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Climate Justice

Alexandra Narvaez
Photo: Alianza Ceibo

Increasingly, climate-related disasters – floods, droughts, heatwaves and wildfires – are devastating vast areas and killing or displacing hundreds of millions of people.

But this crisis is not just an environmental one. It’s also a deeply political, social and ethical problem. Its cause? A global economic system that rewards the exploitation of people and natural resources and distributes wealth and power unequally. And it is unsustainable. At the same time, the crisis makes this inequality worse by hitting those who are least responsible the hardest. Peoples and countries in the Global South, with low incomes and long histories of oppression, are the ones facing the worst impacts of climate change. But it wasn’t their economic or industrial growth that caused it.

That’s why Hivos is focusing on shifting funds, knowledge, and decision-making power to communities on the frontlines of the climate crisis. We believe that locally-designed climate solutions can bring about the urgent changes needed to turn the tide.

What we want

Justice, equity and human rights should be at the center of global climate action, the aim of which must be to fight for the priorities and participation of those unfairly impacted by climate change and directly respond to their needs.

Our approach

No one organization, government or corporation can act effectively on its own. Influencing climate policies at all levels starts with movement building to link and empower groups that are unfairly impacted by climate change. These are the voices rarely heard in decision-making arenas, even though they often lead climate action in their communities. Local people – women, youth, urban poor, small farmers, and Indigenous peoples – must control, participate in and benefit from climate action. So we build strong movements of civil society organizations and activists from a wide range of affected communities who are willing to unite behind a common, human rights-based climate agenda.

Our Climate Justice programming has three focus areas:

1. Retelling the climate story

Our programs unite the power of diverse citizen and civil society interest groups to challenge narratives at all levels that deny climate change and legitimize power imbalances. Stories about the real causes and unfair impacts of climate change told by those most affected, and amplified on popular culture platforms, can better connect to peoples’ emotions and inspire behavioral change.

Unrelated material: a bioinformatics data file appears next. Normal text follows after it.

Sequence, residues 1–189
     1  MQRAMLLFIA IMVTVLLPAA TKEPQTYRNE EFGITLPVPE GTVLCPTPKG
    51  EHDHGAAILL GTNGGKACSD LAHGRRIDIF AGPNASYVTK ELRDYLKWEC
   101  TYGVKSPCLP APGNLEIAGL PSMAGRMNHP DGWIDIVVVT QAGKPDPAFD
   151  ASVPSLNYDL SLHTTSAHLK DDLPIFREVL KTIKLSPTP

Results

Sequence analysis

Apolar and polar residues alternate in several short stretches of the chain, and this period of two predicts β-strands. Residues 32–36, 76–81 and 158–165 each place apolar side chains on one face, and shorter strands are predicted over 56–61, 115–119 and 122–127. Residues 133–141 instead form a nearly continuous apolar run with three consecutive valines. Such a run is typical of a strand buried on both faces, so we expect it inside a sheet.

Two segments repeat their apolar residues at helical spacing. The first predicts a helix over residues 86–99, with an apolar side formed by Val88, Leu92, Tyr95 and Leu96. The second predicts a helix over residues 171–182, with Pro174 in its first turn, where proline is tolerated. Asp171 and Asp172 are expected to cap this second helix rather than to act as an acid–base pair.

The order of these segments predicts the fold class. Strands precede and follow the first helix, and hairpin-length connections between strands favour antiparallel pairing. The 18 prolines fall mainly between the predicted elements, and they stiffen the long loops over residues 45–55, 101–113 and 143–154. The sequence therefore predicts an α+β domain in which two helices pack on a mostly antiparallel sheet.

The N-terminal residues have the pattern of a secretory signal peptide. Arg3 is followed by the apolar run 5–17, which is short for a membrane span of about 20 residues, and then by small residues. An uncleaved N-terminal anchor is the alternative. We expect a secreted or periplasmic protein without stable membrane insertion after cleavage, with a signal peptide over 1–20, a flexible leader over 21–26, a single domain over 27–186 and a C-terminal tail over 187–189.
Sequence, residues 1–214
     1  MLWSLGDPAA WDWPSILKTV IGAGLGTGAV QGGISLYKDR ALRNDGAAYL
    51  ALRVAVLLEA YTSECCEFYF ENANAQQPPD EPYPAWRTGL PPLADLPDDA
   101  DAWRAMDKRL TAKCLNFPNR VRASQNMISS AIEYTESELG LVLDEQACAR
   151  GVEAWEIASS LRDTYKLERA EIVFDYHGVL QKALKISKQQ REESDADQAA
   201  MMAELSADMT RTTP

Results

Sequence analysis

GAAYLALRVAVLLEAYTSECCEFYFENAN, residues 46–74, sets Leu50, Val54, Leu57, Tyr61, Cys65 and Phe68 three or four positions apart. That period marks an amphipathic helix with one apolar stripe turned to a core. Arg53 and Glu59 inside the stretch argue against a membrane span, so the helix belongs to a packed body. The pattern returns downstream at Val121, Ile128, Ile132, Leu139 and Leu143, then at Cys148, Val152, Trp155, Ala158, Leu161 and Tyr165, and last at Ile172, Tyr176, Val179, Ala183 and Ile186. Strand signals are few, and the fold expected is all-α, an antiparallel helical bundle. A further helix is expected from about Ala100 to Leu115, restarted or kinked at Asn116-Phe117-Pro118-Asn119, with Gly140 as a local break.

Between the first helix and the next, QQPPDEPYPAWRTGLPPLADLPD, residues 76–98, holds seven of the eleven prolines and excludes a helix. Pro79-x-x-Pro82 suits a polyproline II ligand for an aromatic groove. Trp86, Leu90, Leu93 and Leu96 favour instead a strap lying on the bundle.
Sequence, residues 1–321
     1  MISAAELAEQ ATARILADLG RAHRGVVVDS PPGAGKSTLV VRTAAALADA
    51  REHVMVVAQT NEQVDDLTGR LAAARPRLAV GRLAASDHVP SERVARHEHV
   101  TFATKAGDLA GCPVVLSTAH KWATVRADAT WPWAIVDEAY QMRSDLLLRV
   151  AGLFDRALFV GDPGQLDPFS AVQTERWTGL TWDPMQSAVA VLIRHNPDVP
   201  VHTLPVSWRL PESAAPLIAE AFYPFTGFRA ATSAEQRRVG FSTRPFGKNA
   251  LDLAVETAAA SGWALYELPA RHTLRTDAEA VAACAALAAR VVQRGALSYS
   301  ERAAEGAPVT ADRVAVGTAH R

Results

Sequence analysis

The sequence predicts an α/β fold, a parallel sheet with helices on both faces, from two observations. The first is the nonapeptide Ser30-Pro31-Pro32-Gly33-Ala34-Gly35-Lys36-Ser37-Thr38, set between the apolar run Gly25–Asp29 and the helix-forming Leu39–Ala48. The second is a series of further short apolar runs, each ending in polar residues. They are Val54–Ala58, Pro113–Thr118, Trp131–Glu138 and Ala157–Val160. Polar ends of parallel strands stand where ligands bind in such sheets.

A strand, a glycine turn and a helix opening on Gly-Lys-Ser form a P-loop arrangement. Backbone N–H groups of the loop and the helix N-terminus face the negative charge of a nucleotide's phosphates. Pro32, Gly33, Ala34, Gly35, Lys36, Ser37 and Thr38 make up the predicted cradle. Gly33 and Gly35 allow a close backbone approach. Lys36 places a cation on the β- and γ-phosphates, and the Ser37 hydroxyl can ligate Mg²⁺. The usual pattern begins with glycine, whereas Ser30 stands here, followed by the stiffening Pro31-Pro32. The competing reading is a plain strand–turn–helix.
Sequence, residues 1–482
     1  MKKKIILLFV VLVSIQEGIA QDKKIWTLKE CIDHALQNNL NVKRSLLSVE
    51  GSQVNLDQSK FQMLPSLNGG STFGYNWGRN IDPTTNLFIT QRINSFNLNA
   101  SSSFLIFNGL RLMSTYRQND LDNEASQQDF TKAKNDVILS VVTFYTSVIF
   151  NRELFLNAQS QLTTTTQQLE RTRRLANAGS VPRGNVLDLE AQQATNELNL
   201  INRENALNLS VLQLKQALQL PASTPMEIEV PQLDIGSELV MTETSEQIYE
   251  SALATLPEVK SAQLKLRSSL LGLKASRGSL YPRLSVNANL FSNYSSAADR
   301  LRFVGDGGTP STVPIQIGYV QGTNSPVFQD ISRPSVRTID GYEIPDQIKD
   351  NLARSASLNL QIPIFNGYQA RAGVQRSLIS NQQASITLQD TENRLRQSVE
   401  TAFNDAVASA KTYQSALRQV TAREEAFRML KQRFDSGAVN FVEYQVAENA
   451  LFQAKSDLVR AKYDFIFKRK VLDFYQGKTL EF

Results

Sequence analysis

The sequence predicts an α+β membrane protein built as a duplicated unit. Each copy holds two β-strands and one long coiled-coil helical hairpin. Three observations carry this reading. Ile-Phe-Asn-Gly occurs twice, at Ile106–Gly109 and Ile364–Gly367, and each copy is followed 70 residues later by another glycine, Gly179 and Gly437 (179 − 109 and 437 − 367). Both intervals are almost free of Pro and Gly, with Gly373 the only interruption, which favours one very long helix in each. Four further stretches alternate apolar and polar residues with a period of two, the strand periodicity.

2. Fair distribution and local solutions

This is about making sure local communities get equal access to global funds, technology, and markets to support local solutions for tackling climate change. For this, we have to make sure current climate funding is transparent and accountable. We also need to change the global financing system so that the countries and groups most in need can access it. At the same time, we are promoting investments in local climate solutions led by groups in the Global South who are most affected. This will also create jobs as countries and regions shift to greener, more environmentally-friendly forms of development.

3. Building political power and influence

We aim to strengthen people’s political power and influence by uniting diverse groups and their movements. Together, these groups can pressure governments and businesses, participate in decision-making, and hold those responsible to account. This involves building movements and doing advocacy, helping those most impacted by climate change to navigate legal systems, pushing for policy changes, and setting important legal examples for the future.

Climate Justice programs

Hivos has a long track record of promoting climate justice and renewable energy solutions to benefit groups that are disproportionally impacted by climate change. These are some of our key programs at present:

Voices for Just Climate Action

VCA aims to ensure that local civil society – and marginalized or vulnerable local groups – take on a central role as creators, facilitators and advocates of innovative climate solutions.

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ENERGIA puts gender at the center of the energy discussion. It has trained more than 9,000 women entrepreneurs who have sold renewable energy products that provide over four million people with access to affordable energy.

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Global girls

Global Girls Creating Change

Global Girls Creating Change supports girl-led entrepreneurship and climate action in Brazil, Indonesia, Nepal and Uganda with training and career skills, advocacy plans, and grants.

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urban futures climate justice

Urban Futures

Urban Futures works at the intersection of urban food systems, youth wellbeing, and climate action. Operating in ten cities in five countries, it supports local partners and especially young people to create more inclusive, climate-resilient cities and urban food systems.

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